NIGERIA – Cocoa shipments from Nigeria’s second-largest grower Cross River halted this week after merchants and the state government disagreed over the payment of an export levy, the Cocoa Association of Nigeria (CAN) said.
Godwin Ukwu, spokesman for the association, said on Wednesday about 600 tons of cocoa due for export had been delayed since Monday after the government refused to issue certificates to enable buyers ship the beans.
The state government last Friday directed merchants to pay N20 ($0.1235) per bag of cocoa (N320 per ton) in a levy to an account it listed in a letter seen by Reuters, before they can could get export documents.
“Cocoa has not moved since Monday because they (the government) have refused to give us excavation papers,” Ukwu, whose association represents farmers, exporters and buyers, told Reuters by telephone.
“If we don’t shut down tomorrow the warehouses will be filled … and it will be difficult for us to continue to buy because there would be no more storage space.”
Officials from the state government were not immediately available to comment.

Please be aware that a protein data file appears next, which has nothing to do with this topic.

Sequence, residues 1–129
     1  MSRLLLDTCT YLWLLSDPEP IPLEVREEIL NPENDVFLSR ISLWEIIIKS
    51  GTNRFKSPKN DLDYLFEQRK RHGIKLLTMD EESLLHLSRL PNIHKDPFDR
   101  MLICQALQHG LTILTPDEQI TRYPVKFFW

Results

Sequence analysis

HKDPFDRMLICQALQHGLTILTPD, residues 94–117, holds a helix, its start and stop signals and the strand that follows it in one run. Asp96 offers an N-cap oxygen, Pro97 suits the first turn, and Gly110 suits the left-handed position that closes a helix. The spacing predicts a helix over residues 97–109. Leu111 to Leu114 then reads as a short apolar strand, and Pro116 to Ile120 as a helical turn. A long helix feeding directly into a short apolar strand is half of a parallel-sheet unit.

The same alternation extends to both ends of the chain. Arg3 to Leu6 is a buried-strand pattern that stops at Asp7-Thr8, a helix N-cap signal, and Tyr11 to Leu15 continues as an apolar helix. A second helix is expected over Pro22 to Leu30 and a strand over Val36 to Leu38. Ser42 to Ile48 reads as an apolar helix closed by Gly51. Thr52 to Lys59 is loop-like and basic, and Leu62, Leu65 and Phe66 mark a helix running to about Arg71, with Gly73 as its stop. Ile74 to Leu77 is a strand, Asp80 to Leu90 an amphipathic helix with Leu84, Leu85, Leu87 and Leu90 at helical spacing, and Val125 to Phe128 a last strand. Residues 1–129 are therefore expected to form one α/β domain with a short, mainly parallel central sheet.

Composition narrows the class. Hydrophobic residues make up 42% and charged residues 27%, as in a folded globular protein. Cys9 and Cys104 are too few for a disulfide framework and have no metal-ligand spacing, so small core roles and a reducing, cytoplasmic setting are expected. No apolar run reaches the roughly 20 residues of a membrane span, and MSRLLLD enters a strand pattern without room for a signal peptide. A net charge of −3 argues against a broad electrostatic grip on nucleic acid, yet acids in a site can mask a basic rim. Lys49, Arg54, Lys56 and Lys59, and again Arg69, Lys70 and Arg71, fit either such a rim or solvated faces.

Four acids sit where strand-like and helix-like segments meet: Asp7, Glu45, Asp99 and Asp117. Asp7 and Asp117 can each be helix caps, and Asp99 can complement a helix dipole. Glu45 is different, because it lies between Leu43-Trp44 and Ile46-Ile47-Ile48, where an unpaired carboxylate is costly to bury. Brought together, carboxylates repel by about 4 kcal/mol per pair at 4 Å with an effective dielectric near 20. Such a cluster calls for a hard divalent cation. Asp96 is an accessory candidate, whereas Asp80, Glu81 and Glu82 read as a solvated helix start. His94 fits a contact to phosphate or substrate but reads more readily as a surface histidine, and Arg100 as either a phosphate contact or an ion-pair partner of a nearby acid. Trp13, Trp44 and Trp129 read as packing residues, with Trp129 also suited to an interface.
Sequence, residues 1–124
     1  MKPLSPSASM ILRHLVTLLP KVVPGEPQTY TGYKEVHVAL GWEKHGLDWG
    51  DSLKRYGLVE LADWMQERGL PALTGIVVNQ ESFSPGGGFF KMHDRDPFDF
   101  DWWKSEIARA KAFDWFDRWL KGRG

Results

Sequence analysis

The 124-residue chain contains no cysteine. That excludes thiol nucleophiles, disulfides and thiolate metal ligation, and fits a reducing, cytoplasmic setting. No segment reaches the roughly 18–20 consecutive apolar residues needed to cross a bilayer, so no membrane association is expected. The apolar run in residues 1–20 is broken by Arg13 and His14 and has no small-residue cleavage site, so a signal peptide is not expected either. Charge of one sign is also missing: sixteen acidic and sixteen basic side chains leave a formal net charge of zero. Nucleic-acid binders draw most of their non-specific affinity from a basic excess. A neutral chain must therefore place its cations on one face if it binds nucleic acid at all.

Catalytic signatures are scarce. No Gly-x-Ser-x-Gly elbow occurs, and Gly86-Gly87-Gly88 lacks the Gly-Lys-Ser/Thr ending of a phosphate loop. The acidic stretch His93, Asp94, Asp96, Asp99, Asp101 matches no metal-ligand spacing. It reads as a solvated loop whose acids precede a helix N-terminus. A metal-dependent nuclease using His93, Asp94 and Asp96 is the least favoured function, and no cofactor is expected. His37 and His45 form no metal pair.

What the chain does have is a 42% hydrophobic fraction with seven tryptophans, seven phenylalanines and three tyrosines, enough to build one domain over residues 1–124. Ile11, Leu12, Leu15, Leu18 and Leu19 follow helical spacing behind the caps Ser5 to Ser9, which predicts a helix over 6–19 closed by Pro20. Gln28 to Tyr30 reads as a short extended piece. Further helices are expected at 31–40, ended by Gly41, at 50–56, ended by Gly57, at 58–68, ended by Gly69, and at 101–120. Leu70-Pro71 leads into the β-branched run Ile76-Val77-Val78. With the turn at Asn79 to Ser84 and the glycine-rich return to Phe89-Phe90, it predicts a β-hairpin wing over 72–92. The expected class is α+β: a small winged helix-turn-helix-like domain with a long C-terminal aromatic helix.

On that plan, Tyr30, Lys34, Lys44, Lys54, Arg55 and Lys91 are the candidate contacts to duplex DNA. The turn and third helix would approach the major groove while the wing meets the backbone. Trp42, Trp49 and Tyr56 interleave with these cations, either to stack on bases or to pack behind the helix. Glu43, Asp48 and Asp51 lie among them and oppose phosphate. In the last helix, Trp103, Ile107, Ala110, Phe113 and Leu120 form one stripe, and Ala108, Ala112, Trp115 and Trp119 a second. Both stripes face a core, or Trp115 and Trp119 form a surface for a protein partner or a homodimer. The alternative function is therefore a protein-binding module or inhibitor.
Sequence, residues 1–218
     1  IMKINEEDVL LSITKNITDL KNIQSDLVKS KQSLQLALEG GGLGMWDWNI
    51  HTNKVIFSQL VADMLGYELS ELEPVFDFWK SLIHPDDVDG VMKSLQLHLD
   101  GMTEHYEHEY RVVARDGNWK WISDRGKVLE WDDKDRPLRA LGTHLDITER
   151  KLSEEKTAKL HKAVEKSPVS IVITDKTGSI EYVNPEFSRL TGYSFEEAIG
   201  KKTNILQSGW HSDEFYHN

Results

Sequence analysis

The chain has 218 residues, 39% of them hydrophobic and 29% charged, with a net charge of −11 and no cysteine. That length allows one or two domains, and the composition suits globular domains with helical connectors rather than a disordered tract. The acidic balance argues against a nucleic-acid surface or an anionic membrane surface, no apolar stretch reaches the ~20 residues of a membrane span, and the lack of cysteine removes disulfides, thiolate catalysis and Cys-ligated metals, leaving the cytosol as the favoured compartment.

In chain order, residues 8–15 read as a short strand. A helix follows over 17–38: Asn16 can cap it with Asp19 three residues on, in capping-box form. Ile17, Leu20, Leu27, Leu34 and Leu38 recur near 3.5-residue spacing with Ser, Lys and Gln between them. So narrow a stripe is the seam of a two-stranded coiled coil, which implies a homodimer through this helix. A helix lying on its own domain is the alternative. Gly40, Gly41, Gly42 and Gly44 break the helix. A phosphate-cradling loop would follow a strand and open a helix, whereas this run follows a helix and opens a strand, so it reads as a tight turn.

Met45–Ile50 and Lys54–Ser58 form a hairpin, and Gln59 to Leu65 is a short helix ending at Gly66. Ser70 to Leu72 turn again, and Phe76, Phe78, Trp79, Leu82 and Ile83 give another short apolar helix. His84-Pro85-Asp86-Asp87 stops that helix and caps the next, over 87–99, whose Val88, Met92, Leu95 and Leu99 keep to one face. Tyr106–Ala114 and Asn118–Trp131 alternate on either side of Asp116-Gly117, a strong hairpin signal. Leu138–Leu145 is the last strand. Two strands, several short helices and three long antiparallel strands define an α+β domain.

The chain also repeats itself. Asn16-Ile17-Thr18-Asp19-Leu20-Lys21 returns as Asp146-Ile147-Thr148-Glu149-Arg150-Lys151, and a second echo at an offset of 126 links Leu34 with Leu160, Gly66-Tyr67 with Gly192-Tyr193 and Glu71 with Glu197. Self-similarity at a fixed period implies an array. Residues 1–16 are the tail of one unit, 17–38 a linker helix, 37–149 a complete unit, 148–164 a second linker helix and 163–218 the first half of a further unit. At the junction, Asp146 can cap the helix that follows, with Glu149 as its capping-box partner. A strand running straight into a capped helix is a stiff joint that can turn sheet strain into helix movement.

Cross River is the second-largest grower in Nigeria with annual volumes of around 60,000 tons in the world’s fourth biggest cocoa producer. Cocoa exports from Cross River are usually destined for Europe.
Ukwu said the levy was normally paid to the trade body without government involvement, which was why merchants had refused to pay.
He added that merchants planned to shut their warehouses in Ikom, one of the biggest producing areas in Cross River, which had around 2,000 tons of cocoa beans, on Thursday due to the logjam, so as not to keep stockpiling products, until the impasse was resolved.
Last month, cocoa shipments from Cross River were also halted due to a disagreement over a levy imposed by the state government on exporters who did not use the state port to ship their beans.